It would be unfair to offer a review of the production based on the press night performance, partly for the reasons outlined above and partly – spoiler alert – because when I returned to it four weeks later it had improved beyond measure. On press night it was spectacular but didn’t seem quite ready. Whatever the characteristic virtues and deficiencies of Doran’s productions, they are invariably lucid and superbly spoken, which was not the case on this occasion. Acting and staging seemed full of uncertainties, while Evelyn Glennie’s deafening percussive score often smothered the dialogue and some scenes, notably the single, crucial appearance of Helen (3.1), badly misfired. Never having seen Mad Max in any of its incarnations, I was nevertheless excited by the dystopian, steampunk vibe it lent to the concept: entirely appropriate to the play, I think. Though I know some people found the casting of women in conventionally male, not to say toxically masculine, roles problematic, for me it worked brilliantly since, with one exception, these performances were gripping and powerful. But I’m getting ahead of myself.
I was expecting the performance broadcast live to cinema audiences to be full of distractions. In the event, I barely registered the extensive paraphernalia of equipment and technicians, though in emptying a large section of the stalls of spectators it did leave an unresponsive hollow in the theatre’s communal, shared space. The actors, hyped up for both their extended cinema audience and their ‘recordation’ (5.2.118) for posterity, were more confident and assured than on press night, and the production seemed both tighter and clearer. Among the specific improvements I noted, this time from my front row seat in the main circle, were the cutting down of Cassandra’s unnerving screeches and the rebalancing of percussion and voice for Pandarus’s song, ‘Love, love, nothing but love’ (3.1.112-23), which had previously been a discordant, mismatched mess.
Niki Turner’s impressive set made a powerful impact even before the play started, with its enormous shipping containers ranged upstage and its vast, jangling mobile of mechanical components suspended centrally like some post-industrial reimagining of the starry vault of heaven and the music of the spheres. Through this descended, as the play began, a spherical cage containing Helen, as Prologue, and a sleepy Paris. In the opening speech, whose cynical tone often sees it assigned to Thersites, Daisy Badger’s incisive and challenging delivery, from her swaying, aerial prison, decisively repositioned the play’s viewpoint as that of female assertiveness in the face of masculine aggression. Nothing could have demonstrated this more eloquently than Helen’s insistence – to the comic disappointment of the strutting Greeks, noisily ‘disgorge[d]’ from their containers with all their ‘warlike fraughtage’ of motorbikes and weaponry – that the play would ‘[leap] o’er the vaunt and firstlings of those broils, | Beginning in the middle’ (Prologue, 12-13, 27-28). Badger’s Helen, unlike Paris, remained confined to her dangling cage on her subsequent appearances, both in her ‘official’ scene and in a brief incursion at the end to survey the unresolved tensions of the dramatic action. Ultimately, she remained as unknowable as the text suggests, a moral blank canvas on whom the other characters can daub their laudatory or derogatory judgments.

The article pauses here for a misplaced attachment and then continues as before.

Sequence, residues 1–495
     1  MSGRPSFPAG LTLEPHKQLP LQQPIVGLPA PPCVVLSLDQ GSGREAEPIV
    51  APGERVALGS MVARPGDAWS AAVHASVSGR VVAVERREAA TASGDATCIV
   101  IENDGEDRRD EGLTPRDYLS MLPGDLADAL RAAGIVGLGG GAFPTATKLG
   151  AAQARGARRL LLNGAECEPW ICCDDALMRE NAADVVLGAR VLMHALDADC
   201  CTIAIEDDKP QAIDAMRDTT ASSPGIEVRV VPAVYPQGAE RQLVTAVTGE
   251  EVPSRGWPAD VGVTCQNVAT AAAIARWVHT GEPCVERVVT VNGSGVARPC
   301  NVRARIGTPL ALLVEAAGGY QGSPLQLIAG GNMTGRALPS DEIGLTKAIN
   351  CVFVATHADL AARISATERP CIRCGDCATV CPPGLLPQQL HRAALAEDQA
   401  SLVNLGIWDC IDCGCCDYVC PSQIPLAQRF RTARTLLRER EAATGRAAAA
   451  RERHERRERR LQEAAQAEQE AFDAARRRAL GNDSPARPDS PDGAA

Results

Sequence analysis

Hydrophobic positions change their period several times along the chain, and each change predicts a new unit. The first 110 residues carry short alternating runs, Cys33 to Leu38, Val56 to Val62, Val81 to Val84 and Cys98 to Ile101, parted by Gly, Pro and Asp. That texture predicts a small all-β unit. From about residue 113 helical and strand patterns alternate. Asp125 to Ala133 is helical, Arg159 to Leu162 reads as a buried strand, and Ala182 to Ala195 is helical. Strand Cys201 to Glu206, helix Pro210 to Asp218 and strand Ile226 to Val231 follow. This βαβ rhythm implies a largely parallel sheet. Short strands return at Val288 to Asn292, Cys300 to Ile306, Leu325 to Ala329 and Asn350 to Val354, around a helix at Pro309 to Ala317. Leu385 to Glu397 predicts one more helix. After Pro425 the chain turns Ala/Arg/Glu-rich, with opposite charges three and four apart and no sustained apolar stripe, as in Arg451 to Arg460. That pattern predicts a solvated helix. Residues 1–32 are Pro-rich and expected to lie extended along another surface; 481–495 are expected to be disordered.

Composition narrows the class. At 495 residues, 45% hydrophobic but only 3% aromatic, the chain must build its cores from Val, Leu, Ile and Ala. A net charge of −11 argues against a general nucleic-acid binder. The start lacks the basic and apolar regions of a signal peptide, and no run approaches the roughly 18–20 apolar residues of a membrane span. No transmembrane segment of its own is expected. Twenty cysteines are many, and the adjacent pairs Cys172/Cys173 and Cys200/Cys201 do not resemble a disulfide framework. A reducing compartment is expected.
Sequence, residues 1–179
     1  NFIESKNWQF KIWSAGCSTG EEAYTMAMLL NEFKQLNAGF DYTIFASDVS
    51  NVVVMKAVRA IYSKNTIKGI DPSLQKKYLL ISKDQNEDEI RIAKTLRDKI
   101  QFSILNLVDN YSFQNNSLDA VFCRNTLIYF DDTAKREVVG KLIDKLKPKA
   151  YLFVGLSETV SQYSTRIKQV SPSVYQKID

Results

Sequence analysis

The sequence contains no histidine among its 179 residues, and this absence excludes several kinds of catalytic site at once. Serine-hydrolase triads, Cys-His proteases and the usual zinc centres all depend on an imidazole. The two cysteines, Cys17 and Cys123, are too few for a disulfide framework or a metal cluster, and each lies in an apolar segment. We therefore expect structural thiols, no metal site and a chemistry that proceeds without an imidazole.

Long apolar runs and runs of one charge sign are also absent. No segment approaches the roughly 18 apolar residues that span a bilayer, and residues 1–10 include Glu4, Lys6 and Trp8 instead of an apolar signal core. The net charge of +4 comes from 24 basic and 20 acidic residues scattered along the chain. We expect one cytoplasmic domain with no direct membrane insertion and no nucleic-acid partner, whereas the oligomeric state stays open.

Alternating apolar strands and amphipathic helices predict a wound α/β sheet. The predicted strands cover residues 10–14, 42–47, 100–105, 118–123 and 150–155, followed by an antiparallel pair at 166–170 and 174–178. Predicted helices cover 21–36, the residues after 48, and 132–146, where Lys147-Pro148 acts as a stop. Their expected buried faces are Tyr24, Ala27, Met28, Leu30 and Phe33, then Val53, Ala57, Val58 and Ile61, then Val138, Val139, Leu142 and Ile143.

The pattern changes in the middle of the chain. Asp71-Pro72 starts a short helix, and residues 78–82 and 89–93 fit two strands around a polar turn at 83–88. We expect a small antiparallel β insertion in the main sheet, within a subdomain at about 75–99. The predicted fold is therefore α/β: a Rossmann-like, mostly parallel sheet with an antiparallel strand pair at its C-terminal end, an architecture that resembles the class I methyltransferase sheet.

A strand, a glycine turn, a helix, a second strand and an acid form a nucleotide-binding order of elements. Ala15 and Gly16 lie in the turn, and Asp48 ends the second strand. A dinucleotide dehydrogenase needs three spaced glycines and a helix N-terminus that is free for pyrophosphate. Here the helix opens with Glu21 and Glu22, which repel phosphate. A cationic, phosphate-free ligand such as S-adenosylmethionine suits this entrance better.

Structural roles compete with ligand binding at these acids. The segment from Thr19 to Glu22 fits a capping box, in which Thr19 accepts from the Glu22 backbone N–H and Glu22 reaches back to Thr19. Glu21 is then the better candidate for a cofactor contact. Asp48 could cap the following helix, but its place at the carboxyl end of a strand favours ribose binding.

In other respects Doran’s stagecraft was more conventional, utilising the theatre’s vertical dimensions not just through the suspended cage, but in a rear-stage gantry rising and falling to suggest the walls of Troy, and the central trap deployed to good effect for raising scenic elements such as the Greeks’ improvised council table and the bed on which the lovers consummate their relationship. Thankfully, the play’s contradictions and distorted viewpoints were not complicated further by any fussy conceptual tinkerings, though in one razor-sharp interpolation we were shown Ulysses ruthlessly furthering his plan to urge Achilles back into action by shooting Patroclus in the back at the height of the battle.